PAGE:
Tuesday, August 13, 2013

Diagnose your disease!

Let it be any disease, ranging from a fever (which is the symptom of many diseases) to HIV, diagnosis at an early stage is very important for giving specific treatment.Whenever I go to a doctor, he asks me things like, stomach pain, fever, body pain, head ache, running nose, throat pain etc., then, he checks pulse, then he uses his stethoscope, he then gives all the possible antibiotics! Yes, really, this happens in most cases. Then, if my problem is not fixing up in a week, he'll ask me to take a blood test, this, that, and, all!

Nothing wrong in this, because he can't ask everyone coming to him to take blood test at the very first sitting, then, no one will visit him back saying he sucks out blood all the time! But, it is okay to have a blood test after a week, but, not after a month! Diagnosing a disease after it had reached a severe stage is comparatively less significant than diagnosing at an early stage. So, how to diagnose?

Antigen - Antibody!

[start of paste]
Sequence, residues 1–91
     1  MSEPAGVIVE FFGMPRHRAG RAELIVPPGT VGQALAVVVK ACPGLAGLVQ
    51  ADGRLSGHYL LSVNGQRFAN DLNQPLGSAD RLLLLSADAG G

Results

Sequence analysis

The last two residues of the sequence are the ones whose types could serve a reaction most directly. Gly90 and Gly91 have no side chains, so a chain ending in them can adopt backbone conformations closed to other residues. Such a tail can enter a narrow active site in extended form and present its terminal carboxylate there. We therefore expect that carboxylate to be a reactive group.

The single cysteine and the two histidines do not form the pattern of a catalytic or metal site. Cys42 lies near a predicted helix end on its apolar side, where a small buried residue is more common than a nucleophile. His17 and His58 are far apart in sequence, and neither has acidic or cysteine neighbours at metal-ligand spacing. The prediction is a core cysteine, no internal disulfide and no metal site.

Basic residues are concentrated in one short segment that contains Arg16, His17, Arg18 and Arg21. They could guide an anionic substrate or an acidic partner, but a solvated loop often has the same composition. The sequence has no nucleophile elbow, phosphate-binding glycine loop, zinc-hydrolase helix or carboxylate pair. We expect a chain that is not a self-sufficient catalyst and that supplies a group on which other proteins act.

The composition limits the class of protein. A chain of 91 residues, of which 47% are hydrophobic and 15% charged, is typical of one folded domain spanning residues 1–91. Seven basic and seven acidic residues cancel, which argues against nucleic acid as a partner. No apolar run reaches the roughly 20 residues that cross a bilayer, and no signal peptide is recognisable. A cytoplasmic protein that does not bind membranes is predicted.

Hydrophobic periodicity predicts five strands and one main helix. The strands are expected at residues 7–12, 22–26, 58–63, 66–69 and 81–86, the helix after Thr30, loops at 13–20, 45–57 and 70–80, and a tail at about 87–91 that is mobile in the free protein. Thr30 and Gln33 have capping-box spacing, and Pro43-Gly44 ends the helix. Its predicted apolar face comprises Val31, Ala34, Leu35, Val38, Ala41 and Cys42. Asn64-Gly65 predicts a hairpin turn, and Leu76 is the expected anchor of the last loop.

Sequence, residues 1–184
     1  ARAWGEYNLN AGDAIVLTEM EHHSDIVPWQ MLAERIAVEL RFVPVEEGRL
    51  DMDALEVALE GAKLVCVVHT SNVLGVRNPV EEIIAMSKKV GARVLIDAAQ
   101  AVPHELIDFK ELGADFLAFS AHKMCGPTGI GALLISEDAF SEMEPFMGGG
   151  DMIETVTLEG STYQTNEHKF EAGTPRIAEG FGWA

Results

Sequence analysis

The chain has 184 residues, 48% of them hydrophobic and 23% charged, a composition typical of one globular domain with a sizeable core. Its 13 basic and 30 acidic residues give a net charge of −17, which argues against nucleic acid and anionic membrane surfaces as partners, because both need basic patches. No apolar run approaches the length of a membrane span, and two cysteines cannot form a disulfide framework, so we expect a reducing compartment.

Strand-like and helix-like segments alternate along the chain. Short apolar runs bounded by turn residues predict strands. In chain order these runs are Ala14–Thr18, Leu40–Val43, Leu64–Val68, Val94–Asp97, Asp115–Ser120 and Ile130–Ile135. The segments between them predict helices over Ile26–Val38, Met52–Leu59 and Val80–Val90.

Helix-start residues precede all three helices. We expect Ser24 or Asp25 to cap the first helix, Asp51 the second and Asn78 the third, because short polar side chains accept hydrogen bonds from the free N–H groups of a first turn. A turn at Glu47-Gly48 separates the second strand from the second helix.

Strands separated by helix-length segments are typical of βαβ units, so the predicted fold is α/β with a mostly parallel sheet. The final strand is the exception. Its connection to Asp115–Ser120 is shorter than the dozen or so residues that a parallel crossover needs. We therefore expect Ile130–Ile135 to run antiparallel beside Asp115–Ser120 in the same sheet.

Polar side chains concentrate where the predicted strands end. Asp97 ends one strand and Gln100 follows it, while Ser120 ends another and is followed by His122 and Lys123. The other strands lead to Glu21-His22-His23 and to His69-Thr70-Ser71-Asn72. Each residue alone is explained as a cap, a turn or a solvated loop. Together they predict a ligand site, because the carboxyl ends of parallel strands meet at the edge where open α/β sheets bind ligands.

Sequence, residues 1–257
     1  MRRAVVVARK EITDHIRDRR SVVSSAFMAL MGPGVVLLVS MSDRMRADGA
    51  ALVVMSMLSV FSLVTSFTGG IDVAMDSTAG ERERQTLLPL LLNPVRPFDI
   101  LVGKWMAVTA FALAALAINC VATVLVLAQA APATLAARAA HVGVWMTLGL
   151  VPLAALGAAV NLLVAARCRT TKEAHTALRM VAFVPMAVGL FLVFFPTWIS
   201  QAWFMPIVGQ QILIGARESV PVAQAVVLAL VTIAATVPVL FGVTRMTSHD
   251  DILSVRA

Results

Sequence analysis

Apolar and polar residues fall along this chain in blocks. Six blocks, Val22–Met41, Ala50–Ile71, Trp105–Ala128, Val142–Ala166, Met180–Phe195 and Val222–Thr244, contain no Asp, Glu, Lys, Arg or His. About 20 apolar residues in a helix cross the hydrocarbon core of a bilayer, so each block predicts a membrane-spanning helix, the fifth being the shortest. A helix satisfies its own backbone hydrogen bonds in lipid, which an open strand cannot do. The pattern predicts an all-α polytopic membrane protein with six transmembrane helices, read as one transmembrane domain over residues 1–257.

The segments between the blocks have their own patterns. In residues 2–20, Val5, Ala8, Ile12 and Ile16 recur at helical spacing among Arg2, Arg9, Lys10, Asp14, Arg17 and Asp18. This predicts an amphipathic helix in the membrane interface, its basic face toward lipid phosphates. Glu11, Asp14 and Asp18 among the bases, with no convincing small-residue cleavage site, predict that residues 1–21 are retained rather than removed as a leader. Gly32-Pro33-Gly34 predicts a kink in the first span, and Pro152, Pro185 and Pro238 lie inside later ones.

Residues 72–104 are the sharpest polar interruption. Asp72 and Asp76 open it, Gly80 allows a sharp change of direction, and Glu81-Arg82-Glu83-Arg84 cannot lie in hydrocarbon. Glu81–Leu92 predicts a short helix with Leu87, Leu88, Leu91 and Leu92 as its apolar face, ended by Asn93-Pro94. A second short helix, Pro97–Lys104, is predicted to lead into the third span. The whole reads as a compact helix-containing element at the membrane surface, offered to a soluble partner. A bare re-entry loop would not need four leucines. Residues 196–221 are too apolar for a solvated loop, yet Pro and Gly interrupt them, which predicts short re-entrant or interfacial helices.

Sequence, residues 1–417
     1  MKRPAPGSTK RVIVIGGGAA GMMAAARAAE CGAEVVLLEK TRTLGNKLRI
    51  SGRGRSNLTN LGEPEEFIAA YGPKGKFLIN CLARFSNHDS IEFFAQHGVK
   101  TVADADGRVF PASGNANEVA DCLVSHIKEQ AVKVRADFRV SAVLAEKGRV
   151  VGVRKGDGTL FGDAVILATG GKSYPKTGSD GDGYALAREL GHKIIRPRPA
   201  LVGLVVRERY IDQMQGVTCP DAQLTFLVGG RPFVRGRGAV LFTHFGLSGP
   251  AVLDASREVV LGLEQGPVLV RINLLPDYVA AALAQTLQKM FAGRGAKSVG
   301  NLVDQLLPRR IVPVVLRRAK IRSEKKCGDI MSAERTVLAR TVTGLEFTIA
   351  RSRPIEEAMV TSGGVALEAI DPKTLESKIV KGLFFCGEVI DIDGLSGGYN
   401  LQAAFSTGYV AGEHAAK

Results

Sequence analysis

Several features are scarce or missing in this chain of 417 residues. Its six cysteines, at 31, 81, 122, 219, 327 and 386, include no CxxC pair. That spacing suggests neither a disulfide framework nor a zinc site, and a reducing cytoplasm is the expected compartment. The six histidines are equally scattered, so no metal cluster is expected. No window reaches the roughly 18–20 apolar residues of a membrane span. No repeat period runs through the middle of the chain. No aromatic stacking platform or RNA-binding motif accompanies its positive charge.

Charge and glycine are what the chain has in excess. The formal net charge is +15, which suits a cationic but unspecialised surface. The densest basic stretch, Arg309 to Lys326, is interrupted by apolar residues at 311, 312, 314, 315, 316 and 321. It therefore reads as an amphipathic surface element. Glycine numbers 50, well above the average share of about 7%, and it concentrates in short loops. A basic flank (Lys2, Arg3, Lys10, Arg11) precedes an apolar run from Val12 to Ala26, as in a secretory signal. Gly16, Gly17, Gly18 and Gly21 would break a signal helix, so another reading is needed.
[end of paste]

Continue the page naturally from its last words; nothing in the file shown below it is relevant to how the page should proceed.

Antigen and Antibody interactions are mainly used for diagnosing most of the diseases. When you give your blood sample to your doctor, he gives it to his lab, there they check for the presence of particular antigen in your blood. For example, if you have typhoid, surface proteins of  the causative organism (Salmonella typhi) will act as antigen and when antibody (specific protein produced by your body against the antigen) is added to the infected blood sample antibody - antigen interaction occurs, which could be detected by various techniques.

Possible methods for diagnosing a disease!

There are several methods available for diagnosing a disease, but, most of them are based on the antigen-antibody interaction. Here I had listed a few methods of diagnosis, which I know:

1) ELISA  - Enzyme Linked Immunosorbent Assay!